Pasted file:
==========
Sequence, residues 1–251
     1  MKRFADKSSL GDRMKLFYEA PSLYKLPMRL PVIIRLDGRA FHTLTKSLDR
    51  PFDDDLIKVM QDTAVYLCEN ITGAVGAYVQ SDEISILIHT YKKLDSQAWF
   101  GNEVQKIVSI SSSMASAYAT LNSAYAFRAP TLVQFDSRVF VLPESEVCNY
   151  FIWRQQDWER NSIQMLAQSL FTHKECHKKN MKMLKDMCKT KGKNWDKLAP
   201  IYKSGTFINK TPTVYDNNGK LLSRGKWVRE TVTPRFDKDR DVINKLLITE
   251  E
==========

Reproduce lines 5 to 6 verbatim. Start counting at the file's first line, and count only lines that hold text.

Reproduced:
   151  FIWRQQDWER NSIQMLAQSL FTHKECHKKN MKMLKDMCKT KGKNWDKLAP
   201  IYKSGTFINK TPTVYDNNGK LLSRGKWVRE TVTPRFDKDR DVINKLLITE